EyeNet Magazine



   
 
Opinion

Is This the Party to Whom I Am Speaking?
By Richard P. Mills, MD, MPH
 
 

Comedienne Lily Tomlin’s well-known line spoofed the scripted speech of telephone operators who toiled in airless rooms for Ma Bell and the Bell children. That was in the day when there were such people as telephone operators. Today, telephone answering is performed by automatons at the majority of medical practices that I call on a regular basis. The script has been recorded by a mellifluous female voice, as though the automaton knew before I called that I would need calming after reaching yet another recorded message.

I get my jollies by answering back to the recording. Makes me feel better even though I know my comments are falling on deaf, electronic ears. So here I am calling Dr. X at University Y, not about a patient (as though I should be ashamed for bothering the doctor for any other reason), using the number in the latest Academy directory.

She: “Your call is very important to us.”

Me: “Well, if it were so important, why can’t you pay a real person to answer the phone?”

She: “If this is a medical emergency, hang up and dial 911.”

Me: “Is it that the doctor doesn’t take emergency calls, or perhaps I might die before I get to talk to her?”

She: “This call may be monitored for quality purposes.”

Me: “Whose quality? Certainly not my quality of life being reminded of my privacy invasion!”

She: “Please listen carefully, as our menu has changed.”

Me: “Well, since this is the first time I’ve called, and your menu takes too long to unravel as it is, it must have been a real corker before you changed it.”

My futile response was long enough that I missed the first two choices she gave, probably the ones I wanted, since the rest don’t seem relevant to my problem, which is I’d like to talk to a person who can get me through to the doctor. I try pressing zero, for operator. Sometimes that works.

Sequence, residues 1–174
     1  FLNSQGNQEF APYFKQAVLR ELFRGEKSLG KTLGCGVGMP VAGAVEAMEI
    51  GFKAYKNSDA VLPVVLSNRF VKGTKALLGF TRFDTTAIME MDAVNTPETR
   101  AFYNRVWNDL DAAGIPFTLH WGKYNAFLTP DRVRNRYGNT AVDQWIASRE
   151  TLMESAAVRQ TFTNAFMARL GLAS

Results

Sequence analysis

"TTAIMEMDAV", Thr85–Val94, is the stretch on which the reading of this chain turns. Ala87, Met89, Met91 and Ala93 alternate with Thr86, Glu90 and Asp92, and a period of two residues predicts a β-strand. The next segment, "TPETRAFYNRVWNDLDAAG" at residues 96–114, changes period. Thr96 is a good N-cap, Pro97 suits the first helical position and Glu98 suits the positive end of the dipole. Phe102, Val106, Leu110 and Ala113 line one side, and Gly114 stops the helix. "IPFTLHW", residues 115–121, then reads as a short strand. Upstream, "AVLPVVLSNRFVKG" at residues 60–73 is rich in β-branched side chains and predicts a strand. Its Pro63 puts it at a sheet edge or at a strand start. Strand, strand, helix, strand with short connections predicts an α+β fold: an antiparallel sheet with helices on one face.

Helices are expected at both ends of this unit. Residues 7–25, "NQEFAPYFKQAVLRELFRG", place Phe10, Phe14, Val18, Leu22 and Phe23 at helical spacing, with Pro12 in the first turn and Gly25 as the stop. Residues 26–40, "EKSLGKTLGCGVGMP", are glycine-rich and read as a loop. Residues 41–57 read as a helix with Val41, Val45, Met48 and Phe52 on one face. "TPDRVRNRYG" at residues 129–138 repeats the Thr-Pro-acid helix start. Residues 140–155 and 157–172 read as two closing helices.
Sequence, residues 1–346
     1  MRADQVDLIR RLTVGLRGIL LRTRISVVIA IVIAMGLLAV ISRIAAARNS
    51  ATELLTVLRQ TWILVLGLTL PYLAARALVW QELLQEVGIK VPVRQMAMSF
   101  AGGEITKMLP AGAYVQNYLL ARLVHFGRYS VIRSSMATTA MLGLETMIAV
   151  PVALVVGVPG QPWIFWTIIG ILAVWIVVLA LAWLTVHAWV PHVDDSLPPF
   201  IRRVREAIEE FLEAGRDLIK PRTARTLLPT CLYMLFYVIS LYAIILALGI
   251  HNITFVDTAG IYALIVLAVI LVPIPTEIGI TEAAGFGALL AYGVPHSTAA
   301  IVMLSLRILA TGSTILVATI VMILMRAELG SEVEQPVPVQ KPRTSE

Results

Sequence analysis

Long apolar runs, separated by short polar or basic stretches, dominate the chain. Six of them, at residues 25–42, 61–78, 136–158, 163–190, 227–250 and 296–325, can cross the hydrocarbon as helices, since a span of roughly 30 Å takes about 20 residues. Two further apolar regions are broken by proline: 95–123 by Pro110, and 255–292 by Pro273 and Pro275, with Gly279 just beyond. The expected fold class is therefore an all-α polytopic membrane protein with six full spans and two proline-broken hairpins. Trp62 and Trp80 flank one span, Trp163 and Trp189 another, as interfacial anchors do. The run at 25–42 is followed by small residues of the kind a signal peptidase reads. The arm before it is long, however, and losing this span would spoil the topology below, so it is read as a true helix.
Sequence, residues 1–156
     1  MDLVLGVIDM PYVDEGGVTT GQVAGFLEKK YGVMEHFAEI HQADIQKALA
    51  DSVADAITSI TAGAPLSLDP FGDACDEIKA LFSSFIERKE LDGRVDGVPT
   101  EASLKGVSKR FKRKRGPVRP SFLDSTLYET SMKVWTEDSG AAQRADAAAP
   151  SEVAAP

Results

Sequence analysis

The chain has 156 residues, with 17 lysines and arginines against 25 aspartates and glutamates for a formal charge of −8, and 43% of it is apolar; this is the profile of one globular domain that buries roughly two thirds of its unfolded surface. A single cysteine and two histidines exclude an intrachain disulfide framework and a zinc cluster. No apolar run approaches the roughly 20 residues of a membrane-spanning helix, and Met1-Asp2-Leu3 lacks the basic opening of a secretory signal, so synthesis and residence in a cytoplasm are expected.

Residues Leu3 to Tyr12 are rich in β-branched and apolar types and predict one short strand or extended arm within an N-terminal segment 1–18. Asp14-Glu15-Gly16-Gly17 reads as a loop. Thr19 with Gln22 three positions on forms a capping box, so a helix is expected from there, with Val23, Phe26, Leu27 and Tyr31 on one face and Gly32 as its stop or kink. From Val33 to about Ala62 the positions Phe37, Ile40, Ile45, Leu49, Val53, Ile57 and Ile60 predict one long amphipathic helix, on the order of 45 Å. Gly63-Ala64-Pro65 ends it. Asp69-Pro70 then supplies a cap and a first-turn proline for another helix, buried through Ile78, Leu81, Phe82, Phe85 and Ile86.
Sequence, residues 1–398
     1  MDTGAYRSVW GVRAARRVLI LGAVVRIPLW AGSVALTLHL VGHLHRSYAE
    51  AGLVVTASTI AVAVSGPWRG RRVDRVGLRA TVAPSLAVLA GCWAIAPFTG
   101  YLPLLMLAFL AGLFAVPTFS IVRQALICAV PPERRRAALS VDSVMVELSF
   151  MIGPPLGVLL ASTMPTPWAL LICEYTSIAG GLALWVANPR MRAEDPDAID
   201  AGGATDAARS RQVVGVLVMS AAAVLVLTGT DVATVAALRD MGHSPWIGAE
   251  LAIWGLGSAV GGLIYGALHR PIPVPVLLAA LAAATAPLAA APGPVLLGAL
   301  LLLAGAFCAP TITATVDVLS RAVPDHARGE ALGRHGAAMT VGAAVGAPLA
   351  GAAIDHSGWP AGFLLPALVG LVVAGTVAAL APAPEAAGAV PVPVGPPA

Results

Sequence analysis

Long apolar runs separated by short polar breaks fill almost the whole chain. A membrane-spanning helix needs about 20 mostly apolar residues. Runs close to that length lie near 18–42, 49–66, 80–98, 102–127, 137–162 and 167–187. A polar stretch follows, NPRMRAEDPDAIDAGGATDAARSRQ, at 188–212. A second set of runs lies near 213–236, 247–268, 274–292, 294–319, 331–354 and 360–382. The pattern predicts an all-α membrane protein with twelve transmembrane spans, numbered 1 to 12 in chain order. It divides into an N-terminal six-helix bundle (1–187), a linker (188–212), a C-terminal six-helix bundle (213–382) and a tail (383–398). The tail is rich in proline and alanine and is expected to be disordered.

She: “That is an invalid response. Good-bye.”

OK, I try again (dialing). I work on some charts while She runs through her routine. Almost miss the second choice, “Press two if you are a doctor or a doctor’s office.” That’s me, I press two.

She: “This is Dr. X’s secretary. I’m away from my desk right now, so please leave a message and I’ll call you back just as soon as…”

Me: “I’m sure the doctor I’m calling is sitting in her office wondering why I haven’t called.”

I have noticed that automated telephone answering is implemented with greater prevalence in large multispecialty clinics and in academic medical centers. Places where chief financial officers are running the asylum. Not at my place. My partners and I understand that most of our glaucoma patients are elderly, and that real people are important to their quality care experience. So we don’t have automated phone answering. No menu to get automated directions to the office. No recorded messages about the benefits of LASIK (to the 90-year-old caller). No direct transfer to the billing lady who’s on the phone to somebody else. No trip to the automated phone gulag.

When I begin thinking these thoughts, I know I should be calling my own practice number. At least then, the party to whom I am speaking would be me.

 

About Us Academy Jobs Privacy Policy Contact Us Terms of Service Medical Disclaimer Site Index